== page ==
The Bank of England chose to hike rates again on 2 February 2023 by 0.5%, bringing the headline base rate to 4%.

The hike brings the base rate to its highest level since November 2008 – and marks ten consecutive hikes since January 2022. The bank has hiked rates to a 14-year high thanks to rocketing inflation which has taken hold of the UK and the global economy in the past 18 months.

Inflation has soared thanks to a mixture of factors including the reopening of the economy after more than a year of COVID-19 related lockdowns, which caused global supply chain issues. Unlocking the economy also unleashed pent-up cash held by people who were unable to spend on things like eating out, holidays and other out-of-home items. Inflationary pressures were then severely exacerbated by Russia’s invasion of Ukraine, which triggered an energy crisis across Europe which filtered out into the rest of the world.

Why has the Bank of England hiked again?

The latest inflation data from the ONS suggests that we might have reached a peak for accelerating price rises. October 2022 saw CPI inflation hit 11.1%, but this has waned slightly, down to 10.7% in November and 10.5% in December.

While these falls are small, they do give a small amount of hope to the economy that pressure might be beginning to ease. However, the Bank of England has maintained its policy of hiking rates despite this easing. There are a few reasons for this. Firstly, the jobs market remains really robust, with little signs of rising unemployment. This sustains demand and can help to keep prices rising more strongly than otherwise. Secondly, wage rises are still relatively strong. Although on average workers are not getting pay rises that beat inflation – currently 6.4% for regular pay – this is still relatively high in historic terms. Like employment this means that inflation overall could prove to be ‘stickier’ than otherwise as people’s pay packets are boosted.

Finally, core inflation – which measures less volatile segments of price rises – remains relatively high. This measure excludes volatile prices such as food, energy, alcohol and tobacco. Both core and services inflation rose in December, despite the headline fall. This tells the Bank of England that important parts of the economy are still experiencing rising demand and a shortage of provision for that demand – the basic cause of inflation. The Monetary Policy Committee (MPC) will have looked at these factors to decide where it should go with its base rate, and this is why it has chosen to continue hiking.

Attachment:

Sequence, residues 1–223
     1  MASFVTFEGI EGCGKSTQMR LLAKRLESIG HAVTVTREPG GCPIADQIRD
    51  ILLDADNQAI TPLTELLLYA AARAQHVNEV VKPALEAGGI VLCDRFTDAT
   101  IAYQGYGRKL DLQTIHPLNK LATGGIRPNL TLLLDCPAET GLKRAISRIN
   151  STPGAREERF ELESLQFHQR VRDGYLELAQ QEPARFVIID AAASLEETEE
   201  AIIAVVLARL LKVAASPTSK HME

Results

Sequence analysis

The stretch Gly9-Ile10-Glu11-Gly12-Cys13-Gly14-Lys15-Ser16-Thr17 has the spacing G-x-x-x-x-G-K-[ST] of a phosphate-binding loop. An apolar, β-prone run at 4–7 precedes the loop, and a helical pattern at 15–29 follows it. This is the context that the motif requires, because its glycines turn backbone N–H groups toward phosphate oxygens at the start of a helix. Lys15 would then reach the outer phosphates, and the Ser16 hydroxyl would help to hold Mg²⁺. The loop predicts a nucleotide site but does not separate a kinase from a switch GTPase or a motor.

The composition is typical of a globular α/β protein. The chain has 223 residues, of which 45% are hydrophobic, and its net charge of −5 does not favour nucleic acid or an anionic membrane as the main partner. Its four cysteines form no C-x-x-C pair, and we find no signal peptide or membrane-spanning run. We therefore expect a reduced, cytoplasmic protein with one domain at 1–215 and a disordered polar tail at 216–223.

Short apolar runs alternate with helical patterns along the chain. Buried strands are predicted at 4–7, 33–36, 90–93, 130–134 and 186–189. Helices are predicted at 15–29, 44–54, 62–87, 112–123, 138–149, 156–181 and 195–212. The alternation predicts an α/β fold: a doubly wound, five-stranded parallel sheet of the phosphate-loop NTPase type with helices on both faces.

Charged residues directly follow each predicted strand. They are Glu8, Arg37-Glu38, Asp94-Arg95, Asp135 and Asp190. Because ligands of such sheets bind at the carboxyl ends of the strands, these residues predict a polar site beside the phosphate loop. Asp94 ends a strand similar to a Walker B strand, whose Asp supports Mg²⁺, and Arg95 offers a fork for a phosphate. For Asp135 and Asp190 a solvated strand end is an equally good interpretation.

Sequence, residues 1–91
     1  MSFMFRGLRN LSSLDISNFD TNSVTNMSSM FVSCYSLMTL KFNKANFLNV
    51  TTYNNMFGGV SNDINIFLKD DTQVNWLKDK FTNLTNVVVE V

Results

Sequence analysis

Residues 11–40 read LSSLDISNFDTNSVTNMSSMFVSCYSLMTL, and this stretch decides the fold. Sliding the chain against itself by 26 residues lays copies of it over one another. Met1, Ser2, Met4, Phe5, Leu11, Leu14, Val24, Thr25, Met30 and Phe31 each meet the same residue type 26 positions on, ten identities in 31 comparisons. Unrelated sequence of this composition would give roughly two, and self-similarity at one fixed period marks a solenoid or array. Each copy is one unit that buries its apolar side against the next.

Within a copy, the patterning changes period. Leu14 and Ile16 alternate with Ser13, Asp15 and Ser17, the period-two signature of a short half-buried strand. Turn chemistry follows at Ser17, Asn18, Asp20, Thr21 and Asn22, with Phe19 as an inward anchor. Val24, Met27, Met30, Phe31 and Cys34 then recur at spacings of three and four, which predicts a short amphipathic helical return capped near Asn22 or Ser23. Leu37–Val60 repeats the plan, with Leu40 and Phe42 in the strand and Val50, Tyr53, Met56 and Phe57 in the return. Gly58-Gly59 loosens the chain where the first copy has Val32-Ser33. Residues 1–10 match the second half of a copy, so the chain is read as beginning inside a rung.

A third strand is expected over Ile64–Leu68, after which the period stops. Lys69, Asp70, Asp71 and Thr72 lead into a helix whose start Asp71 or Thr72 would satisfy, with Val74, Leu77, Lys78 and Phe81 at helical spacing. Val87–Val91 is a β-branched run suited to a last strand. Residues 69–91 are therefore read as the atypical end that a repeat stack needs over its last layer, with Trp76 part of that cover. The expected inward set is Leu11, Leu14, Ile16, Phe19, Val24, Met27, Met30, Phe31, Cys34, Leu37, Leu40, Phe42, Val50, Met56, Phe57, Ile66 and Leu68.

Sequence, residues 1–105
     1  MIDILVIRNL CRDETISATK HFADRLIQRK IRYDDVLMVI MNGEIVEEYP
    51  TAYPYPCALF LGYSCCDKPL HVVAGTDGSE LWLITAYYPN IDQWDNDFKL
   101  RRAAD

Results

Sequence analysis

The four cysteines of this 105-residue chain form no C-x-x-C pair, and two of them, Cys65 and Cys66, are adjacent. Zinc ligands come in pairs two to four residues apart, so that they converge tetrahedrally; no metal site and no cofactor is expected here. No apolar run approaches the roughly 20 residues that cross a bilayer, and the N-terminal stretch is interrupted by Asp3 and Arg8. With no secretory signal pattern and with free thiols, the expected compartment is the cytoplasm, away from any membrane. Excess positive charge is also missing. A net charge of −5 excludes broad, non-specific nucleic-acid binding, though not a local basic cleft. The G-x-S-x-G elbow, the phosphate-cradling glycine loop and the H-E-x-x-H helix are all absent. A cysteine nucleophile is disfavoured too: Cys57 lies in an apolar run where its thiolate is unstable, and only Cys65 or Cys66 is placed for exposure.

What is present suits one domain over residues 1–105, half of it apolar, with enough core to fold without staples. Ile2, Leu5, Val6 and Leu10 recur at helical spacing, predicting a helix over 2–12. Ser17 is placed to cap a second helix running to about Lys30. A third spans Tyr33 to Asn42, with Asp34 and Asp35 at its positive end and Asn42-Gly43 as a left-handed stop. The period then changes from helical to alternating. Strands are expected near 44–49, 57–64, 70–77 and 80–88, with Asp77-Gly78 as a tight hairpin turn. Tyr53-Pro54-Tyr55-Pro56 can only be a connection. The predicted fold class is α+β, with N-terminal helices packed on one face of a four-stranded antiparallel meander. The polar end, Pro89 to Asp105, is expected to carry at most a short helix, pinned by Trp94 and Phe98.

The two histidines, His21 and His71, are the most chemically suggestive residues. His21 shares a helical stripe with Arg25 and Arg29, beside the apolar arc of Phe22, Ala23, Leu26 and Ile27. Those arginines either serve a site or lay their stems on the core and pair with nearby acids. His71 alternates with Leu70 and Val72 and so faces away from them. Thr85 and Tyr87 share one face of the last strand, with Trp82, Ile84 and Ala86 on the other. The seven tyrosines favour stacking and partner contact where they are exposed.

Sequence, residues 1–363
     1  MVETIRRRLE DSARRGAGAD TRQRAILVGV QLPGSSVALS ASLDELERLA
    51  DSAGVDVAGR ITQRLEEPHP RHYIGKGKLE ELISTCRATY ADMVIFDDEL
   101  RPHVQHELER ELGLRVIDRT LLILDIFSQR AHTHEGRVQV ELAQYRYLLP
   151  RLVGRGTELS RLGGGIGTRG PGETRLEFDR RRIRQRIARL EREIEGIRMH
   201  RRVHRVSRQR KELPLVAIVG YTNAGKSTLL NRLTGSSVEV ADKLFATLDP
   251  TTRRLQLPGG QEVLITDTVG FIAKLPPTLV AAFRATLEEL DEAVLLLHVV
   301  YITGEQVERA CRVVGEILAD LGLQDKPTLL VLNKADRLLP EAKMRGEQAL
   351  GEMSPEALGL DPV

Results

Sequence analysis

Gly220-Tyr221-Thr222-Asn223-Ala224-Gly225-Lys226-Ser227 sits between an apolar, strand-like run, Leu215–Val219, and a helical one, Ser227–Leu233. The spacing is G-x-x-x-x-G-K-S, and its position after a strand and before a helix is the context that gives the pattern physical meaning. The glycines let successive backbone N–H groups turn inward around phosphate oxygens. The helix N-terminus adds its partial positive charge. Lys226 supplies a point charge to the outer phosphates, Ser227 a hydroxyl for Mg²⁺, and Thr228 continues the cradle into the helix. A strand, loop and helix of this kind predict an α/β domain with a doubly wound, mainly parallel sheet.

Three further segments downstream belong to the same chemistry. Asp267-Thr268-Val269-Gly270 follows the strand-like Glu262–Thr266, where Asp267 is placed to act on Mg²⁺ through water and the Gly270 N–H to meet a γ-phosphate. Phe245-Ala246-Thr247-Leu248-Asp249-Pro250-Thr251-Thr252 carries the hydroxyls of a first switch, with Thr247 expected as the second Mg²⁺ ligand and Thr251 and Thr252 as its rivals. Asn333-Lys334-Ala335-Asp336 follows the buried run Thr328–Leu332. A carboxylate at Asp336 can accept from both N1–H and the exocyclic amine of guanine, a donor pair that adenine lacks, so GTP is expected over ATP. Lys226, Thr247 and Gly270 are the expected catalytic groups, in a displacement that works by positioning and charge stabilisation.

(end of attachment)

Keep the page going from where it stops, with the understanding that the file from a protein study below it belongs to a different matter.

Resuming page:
Where next for rate hikes?

The Bank of England has kept its cards fairly close to its chest on what it will do in subsequent months this year in the face of inflation. Much depends on changing economic conditions. For its forecast, it sees the UK economy entering a shallower recession than previously estimated, which would suggest it expects rates will have to stay higher for longer to tame price rises. Ultimately, the Bank of England has a mandate to bring inflation to a level of 2%. As long as inflation persists at higher levels, it could be drawn to more hikes to temper the economy.

However, looking at important factors in the current inflationary mix suggests that price rises could soon fall quickly. Energy prices have come way down from their wholesale peak in June 2022. While it takes time for this to feed through into the wider economy and ultimately our bills, energy has a big influence on prices as almost all businesses need to use energy to provide the goods and services they offer, while households are reliant on it to run their own homes.

What does this mean for your finances?

Higher interest rates have a number of effects on personal finances and wealth. The most obvious is higher debt costs. As the Bank of England hikes rates, financial firms are obliged to raise the interest they charge for borrowing. This includes everything from mortgages to loans and credit cards.

Mortgages are the most obvious place where rates visibly rise. However, most households are on fixed rates. Those households that are facing coming off their fixed rates this year are likely to see their monthly payments soar if rates continue to persist higher. After the disastrous mini-budget of October last year, some of the so-called ‘moron premium’ added to average rates has come down slightly. However, rates are still higher than they might have been.

Another important area that is affected is savings and investments. Savings accounts are offering better rates than previously, but largely still well below inflation. This means that while a savings account might provide a much better headline rate than in the past, it still isn’t preserving the value of that money.

Investments had a tough year in 2022 as they adjusted to the new conditions. However, higher rates offer opportunities in new areas such as the bond market which now has attractive valuation levels. Equities have also had a stronger start to 2023 as markets have priced in some of the worst effects of rate hikes.

If you would like to discuss this or anything else not mentioned in this article, don’t hesitate to get in touch.

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All the data contained in the communication is believed to be reliable but may be inaccurate or incomplete. Unless otherwise specified all information is produced as of 13th February 2023.